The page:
It resists your effort to extract it from the machine, and by “your” I mean this guy’s:
[Robert] McKevitt was working the second shift at Polaris Industries’ warehouse in Milford, Iowa, when he decided to break for a snack last fall.
He says he deposited $1 in a vending machine, selected a 90-cent Twix bar, and then watched as the candy bar crept forward in its slot, began its descent and was abruptly snagged by a spiral hook that held it suspended in midair.
What to do? McKevitt, they say, went hardcore:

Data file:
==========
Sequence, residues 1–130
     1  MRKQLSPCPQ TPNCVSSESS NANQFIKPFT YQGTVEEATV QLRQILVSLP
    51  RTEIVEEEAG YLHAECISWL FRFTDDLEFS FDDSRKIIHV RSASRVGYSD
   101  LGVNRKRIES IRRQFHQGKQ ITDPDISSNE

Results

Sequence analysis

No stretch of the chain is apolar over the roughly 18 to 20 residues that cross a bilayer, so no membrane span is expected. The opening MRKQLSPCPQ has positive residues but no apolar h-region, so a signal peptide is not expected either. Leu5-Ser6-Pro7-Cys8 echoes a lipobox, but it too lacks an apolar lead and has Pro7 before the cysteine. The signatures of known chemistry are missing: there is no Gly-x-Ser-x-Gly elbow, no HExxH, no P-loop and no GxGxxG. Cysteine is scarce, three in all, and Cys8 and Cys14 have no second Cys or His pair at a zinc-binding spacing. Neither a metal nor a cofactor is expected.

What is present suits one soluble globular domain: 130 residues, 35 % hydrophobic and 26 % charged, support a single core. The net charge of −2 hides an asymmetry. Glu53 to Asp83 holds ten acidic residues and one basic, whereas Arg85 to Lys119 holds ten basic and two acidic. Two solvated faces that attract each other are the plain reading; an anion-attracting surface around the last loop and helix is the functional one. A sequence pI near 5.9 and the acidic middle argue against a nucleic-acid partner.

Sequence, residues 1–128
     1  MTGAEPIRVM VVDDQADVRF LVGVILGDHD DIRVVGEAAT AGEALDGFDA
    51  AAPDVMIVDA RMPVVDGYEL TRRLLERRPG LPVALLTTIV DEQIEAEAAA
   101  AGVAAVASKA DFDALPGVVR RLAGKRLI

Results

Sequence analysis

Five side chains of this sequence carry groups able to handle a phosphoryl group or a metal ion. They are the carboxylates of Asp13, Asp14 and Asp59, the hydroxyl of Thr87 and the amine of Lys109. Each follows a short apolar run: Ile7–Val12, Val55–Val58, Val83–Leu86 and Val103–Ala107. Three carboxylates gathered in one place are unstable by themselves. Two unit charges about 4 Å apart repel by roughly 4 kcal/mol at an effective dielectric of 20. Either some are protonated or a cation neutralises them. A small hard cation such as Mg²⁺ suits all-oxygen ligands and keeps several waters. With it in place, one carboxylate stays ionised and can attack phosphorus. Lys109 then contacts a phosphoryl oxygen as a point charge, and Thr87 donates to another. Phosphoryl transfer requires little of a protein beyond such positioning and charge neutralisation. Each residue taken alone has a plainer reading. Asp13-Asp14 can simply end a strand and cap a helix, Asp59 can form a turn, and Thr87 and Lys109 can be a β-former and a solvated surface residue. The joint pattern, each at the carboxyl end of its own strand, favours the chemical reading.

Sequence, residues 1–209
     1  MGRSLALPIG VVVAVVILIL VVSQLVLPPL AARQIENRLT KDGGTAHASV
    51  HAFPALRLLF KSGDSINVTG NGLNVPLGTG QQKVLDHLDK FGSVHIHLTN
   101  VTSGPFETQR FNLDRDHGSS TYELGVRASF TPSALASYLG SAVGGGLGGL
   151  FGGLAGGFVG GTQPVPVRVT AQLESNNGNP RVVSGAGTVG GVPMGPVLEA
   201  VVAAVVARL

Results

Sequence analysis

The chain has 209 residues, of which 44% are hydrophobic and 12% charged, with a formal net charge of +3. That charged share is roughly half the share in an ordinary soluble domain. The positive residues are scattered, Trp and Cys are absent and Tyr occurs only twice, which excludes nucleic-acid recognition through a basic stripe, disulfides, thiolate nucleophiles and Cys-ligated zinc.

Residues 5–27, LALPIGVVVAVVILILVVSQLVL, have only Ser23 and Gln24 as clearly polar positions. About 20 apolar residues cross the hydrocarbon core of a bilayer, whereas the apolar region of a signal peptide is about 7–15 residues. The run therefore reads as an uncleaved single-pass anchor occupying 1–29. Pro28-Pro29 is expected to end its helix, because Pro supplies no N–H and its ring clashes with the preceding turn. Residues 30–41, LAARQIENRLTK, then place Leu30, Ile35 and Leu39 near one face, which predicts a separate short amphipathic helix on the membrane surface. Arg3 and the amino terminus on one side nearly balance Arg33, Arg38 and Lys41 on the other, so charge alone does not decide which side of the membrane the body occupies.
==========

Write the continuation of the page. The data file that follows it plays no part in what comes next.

McKevitt walked away and commandeered an 8,000-pound forklift, according to state unemployment compensation records.
He reportedly drove up to the vending machine, lifted it 2 feet off the concrete warehouse floor — then let it drop. He allegedly repeated the maneuver at least six times, by which time three candy bars had fallen into the chute for his retrieval.
Which cost him more than 90 cents:
He was fired five days later.
In a ruling that became public last month, a state administrative law judge denied his claim for unemployment benefits, saying McKevitt had demonstrated a willful disregard for his employer’s interests.
Wonder if Mars Inc. has considered this scenario for a commercial.